J Clin Med Res
Journal of Clinical Medicine Research, ISSN 1918-3003 print, 1918-3011 online, Open Access
Article copyright, the authors; Journal compilation copyright, J Clin Med Res and Elmer Press Inc
Journal website http://www.jocmr.org

Original Article

Volume 11, Number 7, July 2019, pages 509-514


Connective Tissue Disorders in Patients With Thrombotic Thrombocytopenic Purpura: A Retrospective Analysis Using a National Database

Pratibha Sharmaa, d, Aveena Gurungb, Sumit Dahalc

aDepartment of Medicine, Maimonides Medical Center, Brooklyn, NY, USA
bDepartment of Internal Medicine, New York University School of Medicine, Woodhull Medical and Mental Health Center, Brooklyn, NY, USA
cHospitalist Service, St. Joseph Hospital, Bangor, ME, USA
dCorresponding Author: Pratibha Sharma, Department of Medicine, Maimonides Medical Center, Brooklyn, NY 11219, USA

Manuscript submitted May 9, 2019, accepted May 27, 2019
Short title: CTD and TTP
doi: https://doi.org/10.14740/jocmr3850

Abstract▴Top 

Background: Prior reports have shown acquired thrombotic thrombocytopenic purpura (TTP) co-existing with connective tissue disorders (CTD). However, these are mainly limited to case reports and case-series reports, and the patient characteristics and clinical outcomes in these patients are not well known.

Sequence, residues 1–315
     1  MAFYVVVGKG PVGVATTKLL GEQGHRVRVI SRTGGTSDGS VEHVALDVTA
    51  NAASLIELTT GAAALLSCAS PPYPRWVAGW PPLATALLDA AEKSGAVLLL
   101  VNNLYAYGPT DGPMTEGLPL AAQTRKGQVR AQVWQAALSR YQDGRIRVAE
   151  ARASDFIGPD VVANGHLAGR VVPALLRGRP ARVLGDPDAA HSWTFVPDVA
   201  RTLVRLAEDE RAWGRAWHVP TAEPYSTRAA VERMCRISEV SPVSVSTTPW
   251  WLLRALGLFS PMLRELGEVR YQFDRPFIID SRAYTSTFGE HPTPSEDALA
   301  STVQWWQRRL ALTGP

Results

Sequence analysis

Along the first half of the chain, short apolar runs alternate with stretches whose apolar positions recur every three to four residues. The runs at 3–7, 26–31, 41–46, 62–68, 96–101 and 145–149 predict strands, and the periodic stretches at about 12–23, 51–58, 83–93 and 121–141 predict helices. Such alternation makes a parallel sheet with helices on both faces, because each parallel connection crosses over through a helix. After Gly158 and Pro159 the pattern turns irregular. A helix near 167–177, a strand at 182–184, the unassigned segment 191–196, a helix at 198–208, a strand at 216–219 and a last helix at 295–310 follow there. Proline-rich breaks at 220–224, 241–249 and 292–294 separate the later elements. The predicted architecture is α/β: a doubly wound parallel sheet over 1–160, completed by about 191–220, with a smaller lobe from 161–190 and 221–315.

Methods: We used National Inpatient Sample and Nationwide Inpatient Sample (NIS) database for the years 2009 to 2016 to identify all adult patients with TTP and searched for either the presence or absence of any co-existing CTD. These two cohorts of TTP patients were then compared using statistical methods for baseline patient characteristics and clinical outcomes. The primary outcome of interest was the all-cause in-hospital mortality and the secondary outcomes were in-hospital length of stay, in-hospital total charge and in-hospital complications.

Results: Of the 14,400 cases of TTP diagnosed between 2009 and 2016, nearly 9% (n = 1,247) had one or more underlying CTD. Patients with TTP were more likely to be young, black, female, with more than one comorbidity and with private insurance if they had an underlying CTD than when they did not have any underlying CTD. There was no difference in regards to the size, location or type of the hospital, or the time taken to initiate plasmapheresis. Patients being managed for TTP had a longer mean length of hospital stay and a greater mean total inpatient stay charge if they had underlying CTD. There was however no difference in the risks of inpatient mortality, acute coronary syndrome, cardiac arrest, acute stroke, need for mechanical ventilation or hemodialysis.

Conclusion: TTP and CTD frequently co-existed and contributed to a longer hospital stay and a greater hospital charge.

Keywords: Thrombotic thrombocytopenic purpura; Connective tissue disorder; Autoimmune disorder

Introduction▴Top